The Myanmar Rice Federation (MRF) has requested the government to reopen old ports, in a bid to reduce transaction costs, as high charges at Yangon International Port are forcing international traders to move to other countries, according to a recent report in the Myanma Alinn.
“The port charges are high, and we need immediate action to compete with other countries in a highly competitive market,” said U Ye Min Aung, general secretary of MRF.
The MRF has submitted the request to reopen the Mawlamyine, Pathein, Sittway and Dawei ports, which were trading hubs during the colonial-era. Currently, the general port charges have increased by some US$30, compared with India, Thailand, Viet Nam and Pakistan, forcing international buyers to move to foreign markets.
From April 2017 to early February 2018, some 3 million tonnes of rice and broken rice, worth $948 million, were exported to foreign trade partners. Also, 4 million tonnes of rice are expected to be shipped by 2020. Therefore, the MRF wants more sea ports and waterways to be developed.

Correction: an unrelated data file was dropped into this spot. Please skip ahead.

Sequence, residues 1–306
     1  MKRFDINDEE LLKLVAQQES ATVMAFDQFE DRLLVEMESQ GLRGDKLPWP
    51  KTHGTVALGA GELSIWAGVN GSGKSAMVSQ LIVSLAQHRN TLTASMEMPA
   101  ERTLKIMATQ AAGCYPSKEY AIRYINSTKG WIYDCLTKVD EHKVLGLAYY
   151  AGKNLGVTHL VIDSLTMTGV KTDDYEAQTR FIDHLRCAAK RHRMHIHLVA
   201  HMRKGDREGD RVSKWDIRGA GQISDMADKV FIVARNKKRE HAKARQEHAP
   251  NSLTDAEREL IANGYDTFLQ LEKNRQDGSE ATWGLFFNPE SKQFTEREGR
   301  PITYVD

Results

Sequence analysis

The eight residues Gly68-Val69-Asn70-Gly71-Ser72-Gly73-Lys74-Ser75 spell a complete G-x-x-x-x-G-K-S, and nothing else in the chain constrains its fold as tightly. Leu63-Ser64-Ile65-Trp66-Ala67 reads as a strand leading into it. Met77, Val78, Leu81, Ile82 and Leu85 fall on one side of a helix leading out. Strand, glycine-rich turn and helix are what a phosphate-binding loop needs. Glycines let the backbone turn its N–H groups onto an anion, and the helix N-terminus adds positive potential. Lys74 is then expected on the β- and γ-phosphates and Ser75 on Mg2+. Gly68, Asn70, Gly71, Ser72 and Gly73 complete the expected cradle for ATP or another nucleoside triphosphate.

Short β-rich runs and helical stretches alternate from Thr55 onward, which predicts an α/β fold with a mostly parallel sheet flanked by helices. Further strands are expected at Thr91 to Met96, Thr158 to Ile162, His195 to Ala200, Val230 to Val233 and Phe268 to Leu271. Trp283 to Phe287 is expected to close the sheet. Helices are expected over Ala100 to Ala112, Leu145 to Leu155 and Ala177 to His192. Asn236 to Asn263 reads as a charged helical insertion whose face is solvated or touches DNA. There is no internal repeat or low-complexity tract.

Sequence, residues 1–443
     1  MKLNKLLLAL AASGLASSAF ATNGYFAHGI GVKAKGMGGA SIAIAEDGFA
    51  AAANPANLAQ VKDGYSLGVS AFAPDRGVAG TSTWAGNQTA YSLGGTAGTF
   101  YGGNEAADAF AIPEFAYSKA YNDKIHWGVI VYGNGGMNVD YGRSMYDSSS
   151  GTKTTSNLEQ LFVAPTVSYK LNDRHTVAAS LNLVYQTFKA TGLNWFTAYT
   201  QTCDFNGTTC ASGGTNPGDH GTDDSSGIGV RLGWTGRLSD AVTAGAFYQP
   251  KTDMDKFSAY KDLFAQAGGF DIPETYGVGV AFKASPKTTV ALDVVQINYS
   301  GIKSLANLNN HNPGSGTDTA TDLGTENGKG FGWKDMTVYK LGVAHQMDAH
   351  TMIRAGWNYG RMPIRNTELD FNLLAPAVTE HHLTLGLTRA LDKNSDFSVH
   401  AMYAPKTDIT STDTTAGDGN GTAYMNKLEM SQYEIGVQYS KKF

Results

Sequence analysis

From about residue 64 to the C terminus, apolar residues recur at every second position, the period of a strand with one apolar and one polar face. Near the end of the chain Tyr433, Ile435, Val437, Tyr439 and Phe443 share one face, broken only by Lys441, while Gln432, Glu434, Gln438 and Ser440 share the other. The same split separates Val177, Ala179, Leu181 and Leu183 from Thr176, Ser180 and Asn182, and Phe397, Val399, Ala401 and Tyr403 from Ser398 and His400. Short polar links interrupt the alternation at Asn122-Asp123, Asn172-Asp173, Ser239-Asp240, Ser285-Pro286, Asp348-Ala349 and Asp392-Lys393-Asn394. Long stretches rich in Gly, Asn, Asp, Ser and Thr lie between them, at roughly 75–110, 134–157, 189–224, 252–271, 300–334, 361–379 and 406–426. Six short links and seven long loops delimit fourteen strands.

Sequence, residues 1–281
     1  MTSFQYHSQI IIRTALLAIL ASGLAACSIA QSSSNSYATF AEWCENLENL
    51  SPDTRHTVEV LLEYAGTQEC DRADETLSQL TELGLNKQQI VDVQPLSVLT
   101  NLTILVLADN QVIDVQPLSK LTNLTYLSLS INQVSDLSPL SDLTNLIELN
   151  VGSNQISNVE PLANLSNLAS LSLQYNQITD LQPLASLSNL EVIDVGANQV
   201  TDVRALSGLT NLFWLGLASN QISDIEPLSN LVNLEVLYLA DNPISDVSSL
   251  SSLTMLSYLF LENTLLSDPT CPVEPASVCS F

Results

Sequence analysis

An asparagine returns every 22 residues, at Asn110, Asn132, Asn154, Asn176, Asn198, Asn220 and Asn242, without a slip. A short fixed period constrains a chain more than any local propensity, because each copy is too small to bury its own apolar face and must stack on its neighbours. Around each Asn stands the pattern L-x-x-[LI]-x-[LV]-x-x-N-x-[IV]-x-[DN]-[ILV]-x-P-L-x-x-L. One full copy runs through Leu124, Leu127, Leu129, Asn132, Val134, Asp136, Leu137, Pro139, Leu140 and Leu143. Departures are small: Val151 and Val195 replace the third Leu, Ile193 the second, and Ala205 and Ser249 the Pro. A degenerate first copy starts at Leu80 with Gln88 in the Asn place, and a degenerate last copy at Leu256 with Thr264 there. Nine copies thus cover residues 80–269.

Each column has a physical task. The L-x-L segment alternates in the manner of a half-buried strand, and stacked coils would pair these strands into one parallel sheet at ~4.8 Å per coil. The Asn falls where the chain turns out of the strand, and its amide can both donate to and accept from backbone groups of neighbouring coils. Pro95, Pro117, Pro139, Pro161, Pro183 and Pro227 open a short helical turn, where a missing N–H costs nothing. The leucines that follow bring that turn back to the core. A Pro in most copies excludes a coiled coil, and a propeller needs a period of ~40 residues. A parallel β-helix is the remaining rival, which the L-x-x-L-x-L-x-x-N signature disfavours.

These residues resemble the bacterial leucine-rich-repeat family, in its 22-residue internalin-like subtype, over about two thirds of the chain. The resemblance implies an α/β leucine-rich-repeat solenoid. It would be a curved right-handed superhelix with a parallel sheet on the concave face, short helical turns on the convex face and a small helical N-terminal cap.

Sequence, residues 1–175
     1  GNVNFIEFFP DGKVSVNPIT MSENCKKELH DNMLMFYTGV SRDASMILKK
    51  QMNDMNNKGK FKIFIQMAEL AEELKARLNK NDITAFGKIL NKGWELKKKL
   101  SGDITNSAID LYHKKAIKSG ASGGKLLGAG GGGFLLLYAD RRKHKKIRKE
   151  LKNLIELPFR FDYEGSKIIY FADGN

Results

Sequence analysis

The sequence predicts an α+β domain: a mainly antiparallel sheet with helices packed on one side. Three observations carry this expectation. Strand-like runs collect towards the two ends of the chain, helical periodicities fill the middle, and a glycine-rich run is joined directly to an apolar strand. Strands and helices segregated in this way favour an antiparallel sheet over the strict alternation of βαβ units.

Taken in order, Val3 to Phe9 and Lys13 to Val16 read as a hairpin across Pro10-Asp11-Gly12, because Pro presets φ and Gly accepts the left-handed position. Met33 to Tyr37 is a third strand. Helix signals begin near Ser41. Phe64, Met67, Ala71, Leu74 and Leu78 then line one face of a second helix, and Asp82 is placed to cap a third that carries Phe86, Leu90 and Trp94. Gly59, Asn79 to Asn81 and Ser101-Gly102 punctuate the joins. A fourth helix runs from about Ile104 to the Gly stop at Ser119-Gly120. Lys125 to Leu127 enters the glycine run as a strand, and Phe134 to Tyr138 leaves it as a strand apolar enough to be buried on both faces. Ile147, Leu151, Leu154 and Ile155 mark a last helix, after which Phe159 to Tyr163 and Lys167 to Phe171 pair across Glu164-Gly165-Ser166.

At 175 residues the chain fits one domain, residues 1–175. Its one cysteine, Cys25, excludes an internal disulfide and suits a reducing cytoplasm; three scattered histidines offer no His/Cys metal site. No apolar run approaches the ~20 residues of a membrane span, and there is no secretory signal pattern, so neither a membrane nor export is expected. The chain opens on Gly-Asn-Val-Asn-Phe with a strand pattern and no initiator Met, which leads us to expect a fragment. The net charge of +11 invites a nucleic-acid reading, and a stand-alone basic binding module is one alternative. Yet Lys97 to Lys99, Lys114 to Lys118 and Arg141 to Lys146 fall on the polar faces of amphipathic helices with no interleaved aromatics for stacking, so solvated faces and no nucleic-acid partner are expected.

To reuse old ports, preparedness is needed to improve the waterways, port facilities and the export/import process, U Win Khant, Permanent s Secretary of the Transportation and Communications Ministry, told Myanma Alinn.
Earlier, Myanmar’s rice was exported to 40 countries. The rice export market has now penetrated some 62 countries, including China, Bangladesh, Sri Lanka, Afghanistan, Belgium and Poland.
Last month, the export price of rice was between $356 to $430 per tonne, depending on its quality. Some rice varieties bring in more profits through the sea trade, while others fetch a higher price through the border trade, according to rice merchants.
The main challenges in the rice industry are the availability of pedigree seeds, high input costs, high production costs, the lack of technology, high transaction costs and logistics problems, said U Mann Kyaw Win, Deputy Chairman of MRF.
Rice is integral to Myanmar’s agricultural products. Some 75 per cent of the production is used for domestic consumption, while the remaining is exported. Last fiscal year, some 1.7 million tonnes of rice and broken rice, worth $554 million, were exported.
Phyo Lwin Aung (AMIA)